More New Zealanders identify with ethnic roots, new study shows

by Ray Clancy on June 5, 2015

An increasing proportion of New Zealanders identify with Māori, Asian, and Pacific ethnicities according to a new ethnic population study.

Businessman Leader Holding New Zealnd Flag

Population projections can assist planning in areas like education and health where different ethnic populations can have different needs

The proportion identifying as Māori is projected to grow from 16% in 2013 to 17% in the mid-2020s, and to nearly 20% in 2038, while those identifying with an Asian ethnicity will grow from 12% in 2013 to 17% in the mid-2020s, and to 21% in 2038.

The study from Statistics New Zealand also shows that those identifying with a Pacific ethnicity will grow from 8% in 2013 to 9% in the mid-2020s, and to 11% in 2038.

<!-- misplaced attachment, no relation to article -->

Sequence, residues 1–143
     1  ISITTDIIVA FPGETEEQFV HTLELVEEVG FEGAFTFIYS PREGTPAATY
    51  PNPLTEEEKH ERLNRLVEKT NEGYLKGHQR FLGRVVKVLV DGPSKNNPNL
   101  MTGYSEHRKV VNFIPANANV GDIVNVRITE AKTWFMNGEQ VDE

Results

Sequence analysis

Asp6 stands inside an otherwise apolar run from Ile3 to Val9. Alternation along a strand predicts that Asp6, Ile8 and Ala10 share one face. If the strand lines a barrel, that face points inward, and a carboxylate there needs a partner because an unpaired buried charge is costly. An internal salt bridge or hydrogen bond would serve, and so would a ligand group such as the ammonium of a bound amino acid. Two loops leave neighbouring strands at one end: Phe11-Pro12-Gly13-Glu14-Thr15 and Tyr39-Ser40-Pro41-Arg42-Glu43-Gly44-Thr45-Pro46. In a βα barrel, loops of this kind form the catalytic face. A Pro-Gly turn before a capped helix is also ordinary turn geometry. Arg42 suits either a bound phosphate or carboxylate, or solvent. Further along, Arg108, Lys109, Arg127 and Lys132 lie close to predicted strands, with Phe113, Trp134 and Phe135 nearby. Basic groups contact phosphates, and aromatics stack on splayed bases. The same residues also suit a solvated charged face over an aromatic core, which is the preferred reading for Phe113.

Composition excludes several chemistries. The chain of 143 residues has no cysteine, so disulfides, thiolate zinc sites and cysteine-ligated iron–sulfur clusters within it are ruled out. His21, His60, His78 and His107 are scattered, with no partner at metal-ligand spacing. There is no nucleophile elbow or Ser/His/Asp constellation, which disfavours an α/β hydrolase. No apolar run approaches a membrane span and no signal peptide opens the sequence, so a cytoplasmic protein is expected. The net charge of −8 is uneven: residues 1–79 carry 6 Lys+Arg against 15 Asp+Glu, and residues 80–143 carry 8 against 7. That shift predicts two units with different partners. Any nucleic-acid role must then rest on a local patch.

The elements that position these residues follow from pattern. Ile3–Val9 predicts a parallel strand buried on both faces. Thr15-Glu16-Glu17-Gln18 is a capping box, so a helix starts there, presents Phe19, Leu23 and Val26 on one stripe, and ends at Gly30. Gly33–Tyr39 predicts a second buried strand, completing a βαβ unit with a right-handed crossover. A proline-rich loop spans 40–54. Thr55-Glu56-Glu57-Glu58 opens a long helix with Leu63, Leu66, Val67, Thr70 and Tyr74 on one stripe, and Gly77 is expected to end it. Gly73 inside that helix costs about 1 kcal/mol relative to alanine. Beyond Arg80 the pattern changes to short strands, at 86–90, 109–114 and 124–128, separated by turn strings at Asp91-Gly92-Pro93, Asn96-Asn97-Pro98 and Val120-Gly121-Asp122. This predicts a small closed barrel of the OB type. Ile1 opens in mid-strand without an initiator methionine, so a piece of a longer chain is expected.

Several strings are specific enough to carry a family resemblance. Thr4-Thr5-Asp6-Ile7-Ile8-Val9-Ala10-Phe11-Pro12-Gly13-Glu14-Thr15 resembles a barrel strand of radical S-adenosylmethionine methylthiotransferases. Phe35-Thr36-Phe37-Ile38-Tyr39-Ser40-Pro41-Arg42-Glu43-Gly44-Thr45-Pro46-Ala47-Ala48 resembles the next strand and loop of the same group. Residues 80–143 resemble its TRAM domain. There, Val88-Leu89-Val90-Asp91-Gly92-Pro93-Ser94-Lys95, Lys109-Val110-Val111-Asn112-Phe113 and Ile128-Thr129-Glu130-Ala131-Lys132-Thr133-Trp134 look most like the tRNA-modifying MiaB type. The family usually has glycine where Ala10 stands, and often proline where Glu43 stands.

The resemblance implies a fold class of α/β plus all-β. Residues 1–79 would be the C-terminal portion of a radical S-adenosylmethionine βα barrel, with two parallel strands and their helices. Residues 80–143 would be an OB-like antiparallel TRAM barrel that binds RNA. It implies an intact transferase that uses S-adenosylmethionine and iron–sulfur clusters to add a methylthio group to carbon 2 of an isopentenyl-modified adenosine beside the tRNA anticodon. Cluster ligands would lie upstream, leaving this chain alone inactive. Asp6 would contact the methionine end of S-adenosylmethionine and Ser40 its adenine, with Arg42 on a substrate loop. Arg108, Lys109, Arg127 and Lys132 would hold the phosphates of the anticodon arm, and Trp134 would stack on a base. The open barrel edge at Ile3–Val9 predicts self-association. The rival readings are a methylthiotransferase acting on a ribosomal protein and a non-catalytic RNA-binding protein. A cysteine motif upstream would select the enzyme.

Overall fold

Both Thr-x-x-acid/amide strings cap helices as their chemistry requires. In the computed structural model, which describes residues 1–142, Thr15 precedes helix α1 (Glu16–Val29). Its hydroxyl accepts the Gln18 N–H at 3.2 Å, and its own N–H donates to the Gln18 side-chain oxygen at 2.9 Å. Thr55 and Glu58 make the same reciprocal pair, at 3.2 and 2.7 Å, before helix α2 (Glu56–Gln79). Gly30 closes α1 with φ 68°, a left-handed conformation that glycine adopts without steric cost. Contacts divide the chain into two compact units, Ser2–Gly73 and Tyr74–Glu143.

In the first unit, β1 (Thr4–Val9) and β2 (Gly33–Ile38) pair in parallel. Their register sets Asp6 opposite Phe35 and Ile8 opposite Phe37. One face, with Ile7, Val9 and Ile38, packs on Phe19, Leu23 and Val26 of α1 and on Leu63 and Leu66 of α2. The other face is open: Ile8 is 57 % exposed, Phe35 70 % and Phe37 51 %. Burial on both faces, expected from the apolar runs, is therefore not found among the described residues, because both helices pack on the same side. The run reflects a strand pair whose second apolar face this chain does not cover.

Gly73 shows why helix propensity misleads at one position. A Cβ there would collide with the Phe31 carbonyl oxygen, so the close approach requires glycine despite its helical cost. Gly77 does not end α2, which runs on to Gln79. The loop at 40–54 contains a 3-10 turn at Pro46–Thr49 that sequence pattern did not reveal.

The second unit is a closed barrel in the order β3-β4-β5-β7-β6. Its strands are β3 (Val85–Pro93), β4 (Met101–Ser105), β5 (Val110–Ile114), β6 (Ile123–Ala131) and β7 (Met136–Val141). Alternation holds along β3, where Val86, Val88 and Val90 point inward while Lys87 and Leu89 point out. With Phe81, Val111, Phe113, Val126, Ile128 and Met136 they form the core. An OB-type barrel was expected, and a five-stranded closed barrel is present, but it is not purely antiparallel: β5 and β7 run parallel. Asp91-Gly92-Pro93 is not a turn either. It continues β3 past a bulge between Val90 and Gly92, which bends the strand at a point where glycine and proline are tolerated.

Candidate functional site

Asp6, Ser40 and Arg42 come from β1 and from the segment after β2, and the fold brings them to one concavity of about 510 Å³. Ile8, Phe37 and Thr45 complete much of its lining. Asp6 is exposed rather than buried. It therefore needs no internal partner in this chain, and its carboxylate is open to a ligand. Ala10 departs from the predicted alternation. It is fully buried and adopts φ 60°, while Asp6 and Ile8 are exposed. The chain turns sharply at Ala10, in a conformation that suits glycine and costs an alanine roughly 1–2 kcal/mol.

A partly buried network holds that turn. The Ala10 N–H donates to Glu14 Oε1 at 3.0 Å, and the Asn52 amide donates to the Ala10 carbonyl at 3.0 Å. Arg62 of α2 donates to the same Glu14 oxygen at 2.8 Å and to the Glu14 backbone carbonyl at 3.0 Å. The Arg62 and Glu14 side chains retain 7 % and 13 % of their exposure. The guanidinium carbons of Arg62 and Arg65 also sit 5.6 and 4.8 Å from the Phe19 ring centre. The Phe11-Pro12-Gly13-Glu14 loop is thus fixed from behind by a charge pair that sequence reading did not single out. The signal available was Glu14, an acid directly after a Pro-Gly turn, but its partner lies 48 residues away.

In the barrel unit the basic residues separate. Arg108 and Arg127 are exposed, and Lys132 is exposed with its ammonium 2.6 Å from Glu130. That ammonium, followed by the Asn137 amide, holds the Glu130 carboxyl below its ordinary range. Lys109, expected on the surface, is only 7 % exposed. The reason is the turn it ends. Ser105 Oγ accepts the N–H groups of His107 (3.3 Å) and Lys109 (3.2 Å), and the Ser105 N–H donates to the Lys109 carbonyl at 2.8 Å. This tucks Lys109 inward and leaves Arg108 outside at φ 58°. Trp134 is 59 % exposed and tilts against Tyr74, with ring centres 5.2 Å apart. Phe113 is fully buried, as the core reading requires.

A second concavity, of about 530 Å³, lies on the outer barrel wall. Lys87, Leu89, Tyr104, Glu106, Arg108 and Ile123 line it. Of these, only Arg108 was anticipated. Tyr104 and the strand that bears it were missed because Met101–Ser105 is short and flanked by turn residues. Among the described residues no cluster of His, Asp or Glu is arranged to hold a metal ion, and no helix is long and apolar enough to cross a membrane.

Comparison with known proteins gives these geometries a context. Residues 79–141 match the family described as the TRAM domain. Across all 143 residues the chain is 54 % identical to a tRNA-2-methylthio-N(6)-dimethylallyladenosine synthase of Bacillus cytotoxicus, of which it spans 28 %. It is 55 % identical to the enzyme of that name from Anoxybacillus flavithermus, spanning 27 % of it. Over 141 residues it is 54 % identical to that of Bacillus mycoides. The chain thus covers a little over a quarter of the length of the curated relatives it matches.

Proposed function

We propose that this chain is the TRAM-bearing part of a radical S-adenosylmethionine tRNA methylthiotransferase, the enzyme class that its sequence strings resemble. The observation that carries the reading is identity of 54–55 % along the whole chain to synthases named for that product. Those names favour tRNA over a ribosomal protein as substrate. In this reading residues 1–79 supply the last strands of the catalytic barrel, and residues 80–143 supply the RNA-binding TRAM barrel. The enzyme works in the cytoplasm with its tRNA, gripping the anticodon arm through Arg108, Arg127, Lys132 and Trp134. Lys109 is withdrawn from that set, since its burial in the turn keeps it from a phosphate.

The number of people identifying with a European ethnicity or New Zealander is projected to increase, but at a relatively slow rate. As a result, the proportion identifying with these ethnicities is projected to drop from 75% in 2013 to 70% in the mid-2020s, and to 66% in 2038.

Another 1% of the population currently identify with Middle Eastern, Latin American, or African ethnicities.

‘There is considerable overlap of these ethnic populations. People can and do identify with multiple ethnicities, especially people aged under 30 years,’ said population statistics manager Vina Cullum.

The different projected growth rates reflect a combination of different patterns of fertility, migration, age structure, and ethnic identification.

‘Ethnic projections are of more than just academic interest. They inform New Zealanders about our changing demographic picture. They help ethnic communities understand their own changing populations. And they assist planning in areas such as education and health where different ethnic populations can have different needs,’ added Cullum.

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